Business development · 19 December 2016

Overcoming adversity in business: Stolen furniture, no money and TfL red tape

Overcoming adversity
From starting out with a second-hand van to grappling with local authorities, these entrepreneurs showed that adversity can be overcome

Overcoming adversity is a recurring theme in any entrepreneurial journey. Whether it is finding that initial working capital, dealing with the sudden loss of cash or encountering operational hurdles, challenges will arise.

Business Advice spoke to three founders who reflected on their own experiences in overcoming adversity to give an insight into the challenges of running a small enterprise.

In 2009, university graduate Harsha Rathnayake was working for a junk removal company until his employer lost “almost everything”.

Closing the business, Rathnayake’s retiring boss left him an option – take his final month’s wages or the keys to an old Ford Transit van worth £700. Rathnayake opted for the vehicle, confident that he could build up his own company.

From there, Rathnayake used his £160 life savings to found London Junk. He started out by distributing flyers around local areas and following up a handful of old leads to secure customers. A Google AdWords pay per click (PPC) voucher worth £75 paid for some initial marketing, but Rathnayake realised that this wasn’t going to be enough to run the business.

Unfortunately, obtaining a business loan from a bank was quickly ruled out.

“I approached the banks, but none wanted to lend me the money. Firstly, because I didn’t have a credit history. I’m from Sri Lanka and before a bank lends you money it wants to see a credit history. The banks thought it was a risk to lend me the money. Some banks didn’t even open a bank account for me. I wasn’t eligible, apparently.

“I thought to myself ‘what’s next?’. The only thing I was left with was to find a part-time job, either early in the morning or later in the evening.”

Testament to his dedication to overcoming adversity, Rathnayake noted that he was “lucky enough” to find two jobs – a paper round with a 5am start, earning £100 per week, and working from 6pm to midnight as a delivery driver for a local Indian restaurant.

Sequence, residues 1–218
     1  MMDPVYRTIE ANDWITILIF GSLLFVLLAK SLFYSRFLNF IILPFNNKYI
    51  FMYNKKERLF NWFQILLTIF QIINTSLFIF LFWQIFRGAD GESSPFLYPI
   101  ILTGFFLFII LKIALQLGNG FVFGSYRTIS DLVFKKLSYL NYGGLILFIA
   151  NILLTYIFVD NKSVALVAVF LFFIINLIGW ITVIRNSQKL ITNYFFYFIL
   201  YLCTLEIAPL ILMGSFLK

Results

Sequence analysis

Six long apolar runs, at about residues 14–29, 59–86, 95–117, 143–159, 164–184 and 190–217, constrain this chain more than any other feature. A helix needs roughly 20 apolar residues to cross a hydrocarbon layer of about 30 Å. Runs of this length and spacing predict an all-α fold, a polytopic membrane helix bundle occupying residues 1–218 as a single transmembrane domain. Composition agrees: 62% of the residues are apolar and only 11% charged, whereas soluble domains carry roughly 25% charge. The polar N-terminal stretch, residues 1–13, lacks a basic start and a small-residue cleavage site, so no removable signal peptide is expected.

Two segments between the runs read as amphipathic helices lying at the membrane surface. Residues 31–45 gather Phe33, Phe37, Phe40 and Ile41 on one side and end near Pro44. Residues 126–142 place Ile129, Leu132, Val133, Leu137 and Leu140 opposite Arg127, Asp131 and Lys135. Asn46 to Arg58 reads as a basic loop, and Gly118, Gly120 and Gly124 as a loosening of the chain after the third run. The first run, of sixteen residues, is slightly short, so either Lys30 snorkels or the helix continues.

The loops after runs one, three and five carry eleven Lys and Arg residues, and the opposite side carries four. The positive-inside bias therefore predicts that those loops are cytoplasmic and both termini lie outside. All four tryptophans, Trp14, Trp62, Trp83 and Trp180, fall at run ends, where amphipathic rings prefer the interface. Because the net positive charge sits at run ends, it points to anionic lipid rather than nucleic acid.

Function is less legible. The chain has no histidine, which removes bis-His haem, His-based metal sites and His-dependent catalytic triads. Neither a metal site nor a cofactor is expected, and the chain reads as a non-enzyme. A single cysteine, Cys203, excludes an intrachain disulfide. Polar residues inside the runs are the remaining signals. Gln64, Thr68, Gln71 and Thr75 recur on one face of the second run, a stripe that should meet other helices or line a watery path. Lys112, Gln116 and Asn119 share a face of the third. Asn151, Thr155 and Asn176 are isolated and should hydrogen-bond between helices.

London Junk
London Junk founder Harsha Rathnayake

“I was working seven days a week for a year – the only way I knew the weekend had arrived was by the weight of the newspaper supplements.

“After one year – reinvesting all of the money I saved into the business – I managed to fund a second truck and a full-time helper.

Rathnayake recalled that the “turning point” for London Junk was his attendance at a local business networking group – the BNI – that enabled him to pick up some bigger customers with regular work.

“After that I stopped the paper round, and continued the evening job for a while. Eventually I had to stop altogether after I was turning up late due to the workload for London Junk.

Rathnayake said that it wasn’t so much inspiration or ambition that allowed him to succeed in overcoming adversity – “it was the only option”.

“When I was five years old my father passed away and my mother was left to raise three children. When I came to Britain from Sri Lanka I looked after my family back home, and I had to choice but to keep working. It doesn’t matter how hard it is.”

Cash flow problems in London Junk’s early stages led Rathnayake down a path that he “wouldn’t recommend to anyone”.

“The business didn’t have any capital, so I had to borrow money from Wonga at a crazy rate. I did this two or three times. That’s something I wouldn’t do again.

“I was lucky, I didn’t borrow too much. After that, the extra jobs were a much better way to get money.”

Rathnayake’s advice to other small business owners was to fully consider every available option before committing to one avenue.

“I went to Wonga before looking for part time jobs,” he added. “But by earning the money yourself, you never have to pay the money back. It’s just extra cash for the business.”

While getting a business idea off the ground poses a massive challenge to any entrepreneur, there is also the possibility for disaster to strike at any moment.

Tim Foster is Yummy Pub Co.’s head of being awesome. With his two co-founders, Foster has now overseen the opening of several pubs in the UK since 2007. The business is proud of its social aspects, running regular initiatives to provide disadvantaged young people with training and employment.

However, Yummy Pub Co. has encountered its fair share of challenges. Founded just ahead of a damaging recession, the company has seen a pub catch fire, subsequently get flooded, and even suffered substantial theft by a former manager to the tune of £19,000.

However, it was the theft of a new set of garden furniture at the company’s Grove Ferry pub that shaped the relationship between the business and its customers.